What in the World is an Anamcara?

Spiritual direction is a spiritual practice or discipline as old as the church itself. For centuries, Christians from many parts of the church have used the ministry of a spiritual director, who is someone wise and experienced in the study and practice of faith. A spiritual director meets with a person or group of persons usually monthly to listen to the person’s struggles, triumphs, and questions they may have on the Christian journey. 


Sara Core

There are many programs for training one to become a spiritual director, which is usually a period of study, learning, and reflection on one’s own faith, to see and understand how one might mentor others in theirs. One such program is given at Perkins School of Theology at Southern Methodist University in Dallas. It is a three-year program with online elements and three weekends per year on-campus classes. But, there are many people who serve in this role for others without any formal training. They are simply those who love the Lord, are experienced in their faith, and choose to honor God by showing others the way to a deeper relationship with God. You may well know someone in your life who has filled this role for you. 

Spiritual direction for me, a Presbyterian, has broadened my view of faith and religious practice. For example, I have learned of the Spiritual Exercises of St. Ignatius, who was the founder of the Jesuit Order in the Roman Catholic Church in the 16th century. The Exercises were, and are, a method of examining my faith in light of what Christ has done for me, seeing my life in relation to Jesus’ obedient sacrifice on the cross. If you experience them fully, the Exercises can take weeks to months to complete. But, one practice from within the Exercises, is easy to complete in a day, and in fact is recommended to be done daily. It is called the Examen.  In this, usually at the end of the day, one looks back on the day and asks the following questions:

  • For what, today, am I most grateful?
  • For what, today, am I least grateful?

It may seem unusual in daily reflection and prayer to assess what one is least grateful for. But looking at this can be very informative. It may indicate a need for further prayer in this area, or an area of life that could use some confession and repentance, or it may be your heart’s way of telling you that it’s time to move on from a person or activity. Ignatius, in his time, called the area of most gratitude “consolation” and the area of least gratitude “desolation.” While we may use these words somewhat differently now, they illustrate the feelings that may be present.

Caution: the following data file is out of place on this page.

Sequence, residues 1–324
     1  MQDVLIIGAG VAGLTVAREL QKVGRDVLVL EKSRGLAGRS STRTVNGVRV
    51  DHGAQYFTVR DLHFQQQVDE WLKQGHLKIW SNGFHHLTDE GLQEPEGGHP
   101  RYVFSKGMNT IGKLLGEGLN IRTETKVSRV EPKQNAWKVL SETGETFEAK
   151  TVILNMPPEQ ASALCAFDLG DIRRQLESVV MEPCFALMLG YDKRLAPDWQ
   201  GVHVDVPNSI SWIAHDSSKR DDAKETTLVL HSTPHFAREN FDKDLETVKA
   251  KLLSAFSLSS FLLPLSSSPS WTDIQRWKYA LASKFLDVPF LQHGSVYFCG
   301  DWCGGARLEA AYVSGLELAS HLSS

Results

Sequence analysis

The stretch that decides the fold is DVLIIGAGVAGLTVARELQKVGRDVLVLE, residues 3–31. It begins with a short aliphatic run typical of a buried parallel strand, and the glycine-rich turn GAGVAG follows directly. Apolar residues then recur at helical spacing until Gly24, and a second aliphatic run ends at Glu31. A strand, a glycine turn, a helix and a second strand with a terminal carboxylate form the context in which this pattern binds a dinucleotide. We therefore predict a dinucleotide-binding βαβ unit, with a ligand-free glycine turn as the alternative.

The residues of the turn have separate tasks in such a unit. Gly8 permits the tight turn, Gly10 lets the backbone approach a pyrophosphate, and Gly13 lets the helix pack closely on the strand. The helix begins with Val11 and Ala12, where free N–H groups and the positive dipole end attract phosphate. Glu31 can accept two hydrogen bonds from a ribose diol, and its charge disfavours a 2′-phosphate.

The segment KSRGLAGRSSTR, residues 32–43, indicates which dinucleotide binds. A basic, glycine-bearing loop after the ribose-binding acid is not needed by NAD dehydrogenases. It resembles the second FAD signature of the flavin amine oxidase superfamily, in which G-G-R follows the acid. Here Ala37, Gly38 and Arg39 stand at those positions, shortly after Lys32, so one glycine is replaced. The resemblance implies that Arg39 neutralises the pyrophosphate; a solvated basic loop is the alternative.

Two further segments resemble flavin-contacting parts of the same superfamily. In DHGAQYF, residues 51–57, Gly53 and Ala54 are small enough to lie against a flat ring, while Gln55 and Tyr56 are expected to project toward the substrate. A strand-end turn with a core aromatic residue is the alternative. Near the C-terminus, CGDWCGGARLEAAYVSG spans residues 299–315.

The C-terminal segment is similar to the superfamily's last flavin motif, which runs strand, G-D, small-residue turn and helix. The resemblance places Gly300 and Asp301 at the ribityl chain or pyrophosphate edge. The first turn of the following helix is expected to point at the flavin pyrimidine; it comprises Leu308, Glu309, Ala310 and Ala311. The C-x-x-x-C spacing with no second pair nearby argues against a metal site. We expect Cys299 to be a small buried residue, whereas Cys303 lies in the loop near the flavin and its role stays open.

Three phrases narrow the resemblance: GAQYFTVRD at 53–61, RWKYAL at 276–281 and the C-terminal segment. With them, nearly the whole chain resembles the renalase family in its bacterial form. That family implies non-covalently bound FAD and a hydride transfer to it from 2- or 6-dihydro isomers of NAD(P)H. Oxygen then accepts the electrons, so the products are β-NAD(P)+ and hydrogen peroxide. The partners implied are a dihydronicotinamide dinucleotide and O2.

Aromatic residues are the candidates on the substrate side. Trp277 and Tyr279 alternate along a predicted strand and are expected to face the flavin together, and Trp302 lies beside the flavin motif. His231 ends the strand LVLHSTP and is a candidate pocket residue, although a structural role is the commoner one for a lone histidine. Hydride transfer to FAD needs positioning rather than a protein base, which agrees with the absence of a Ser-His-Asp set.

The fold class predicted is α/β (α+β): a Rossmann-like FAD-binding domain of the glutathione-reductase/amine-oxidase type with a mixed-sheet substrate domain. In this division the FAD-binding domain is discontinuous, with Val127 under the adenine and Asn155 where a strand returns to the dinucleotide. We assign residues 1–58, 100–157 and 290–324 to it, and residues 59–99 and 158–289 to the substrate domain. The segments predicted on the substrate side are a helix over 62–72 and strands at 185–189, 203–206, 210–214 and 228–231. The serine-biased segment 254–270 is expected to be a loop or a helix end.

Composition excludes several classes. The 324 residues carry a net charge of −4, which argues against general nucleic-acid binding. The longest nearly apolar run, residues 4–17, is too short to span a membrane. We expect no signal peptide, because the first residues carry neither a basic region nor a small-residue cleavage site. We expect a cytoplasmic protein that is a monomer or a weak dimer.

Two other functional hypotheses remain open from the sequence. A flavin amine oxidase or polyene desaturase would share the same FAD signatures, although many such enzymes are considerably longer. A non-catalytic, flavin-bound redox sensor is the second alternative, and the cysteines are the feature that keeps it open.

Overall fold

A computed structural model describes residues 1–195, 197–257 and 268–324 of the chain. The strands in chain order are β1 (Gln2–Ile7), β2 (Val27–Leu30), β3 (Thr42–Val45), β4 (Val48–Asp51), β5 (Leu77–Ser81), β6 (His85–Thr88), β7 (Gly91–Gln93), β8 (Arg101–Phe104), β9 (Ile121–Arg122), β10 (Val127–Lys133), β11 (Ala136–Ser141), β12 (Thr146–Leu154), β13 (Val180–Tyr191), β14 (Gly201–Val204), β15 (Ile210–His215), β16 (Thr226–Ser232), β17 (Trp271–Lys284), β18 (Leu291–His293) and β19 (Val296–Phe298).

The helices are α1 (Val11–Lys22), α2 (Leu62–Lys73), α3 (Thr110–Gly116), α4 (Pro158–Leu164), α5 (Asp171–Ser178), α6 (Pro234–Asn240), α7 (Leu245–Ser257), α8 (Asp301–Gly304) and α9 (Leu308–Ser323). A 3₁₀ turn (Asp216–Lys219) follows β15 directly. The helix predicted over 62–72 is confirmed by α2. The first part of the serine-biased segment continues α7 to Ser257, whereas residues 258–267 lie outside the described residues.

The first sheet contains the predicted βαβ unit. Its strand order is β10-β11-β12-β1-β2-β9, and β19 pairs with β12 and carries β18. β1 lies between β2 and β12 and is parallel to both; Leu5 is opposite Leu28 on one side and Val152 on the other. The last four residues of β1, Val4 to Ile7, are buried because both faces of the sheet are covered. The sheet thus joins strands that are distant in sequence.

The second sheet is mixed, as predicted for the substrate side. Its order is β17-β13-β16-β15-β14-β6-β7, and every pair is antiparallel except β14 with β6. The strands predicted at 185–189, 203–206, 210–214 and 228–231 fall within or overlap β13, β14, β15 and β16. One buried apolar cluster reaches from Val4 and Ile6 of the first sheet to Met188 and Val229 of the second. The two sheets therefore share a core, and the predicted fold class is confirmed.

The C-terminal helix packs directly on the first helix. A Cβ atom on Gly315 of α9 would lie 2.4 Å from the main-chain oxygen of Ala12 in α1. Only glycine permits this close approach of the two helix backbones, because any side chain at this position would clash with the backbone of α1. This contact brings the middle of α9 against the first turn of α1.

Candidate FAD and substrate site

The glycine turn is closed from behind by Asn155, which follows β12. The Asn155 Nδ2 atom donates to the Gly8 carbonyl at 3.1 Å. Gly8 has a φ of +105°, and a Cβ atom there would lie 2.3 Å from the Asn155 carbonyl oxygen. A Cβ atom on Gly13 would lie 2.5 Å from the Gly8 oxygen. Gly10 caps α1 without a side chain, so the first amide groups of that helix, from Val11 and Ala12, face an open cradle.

A spiritual director can help one discern what God may be saying or where God may be leading. Marjorie Thompson , in her book “Soul Feast,” describes what spiritual directors usually do:

  1. A spiritual director listens to us. They provide a hospitable place for us to speak and be heard. 
  2. Spiritual directors help us notice things; they help us pay attention to the signs of grace. 
  3. Spiritual directors help us respond to God with greater freedom, even when that can prove difficult. 
  4. Pointing us to practical disciplines for spiritual growth is provided by spiritual directors. 
  5. Most of all, spiritual directors love us and pray for us. 

Spiritual directors are simultaneously learners and teachers of discernment, who will show love and compassion, and who ultimately put their trust in the grace of God. 

So, what is an anamcara? An anamcara is a soul friend, another name for a spiritual director, someone who will walk alongside us in our spiritual journey, showing us Christ through their caring words and prayers. 

Sara Core is a member of First Central Presbyterian Church, retired veterinarian, and a spiritual director.

Top photo credit: Trey Ratcliff on Visualhunt / CC BY-NC-SA


  • I love this and Sara! Just what I needed this morning. Some spiritual directors don’t even realize they are serving God that way. It just comes natural. ❤️ Thank you, Lord.


  • Daily retrospect is a sound practice. I must admit I don’t practice this often enough but when I do I usually try to address more than one day’s issues. Thank you for the new to me word, ‘anamcara.’


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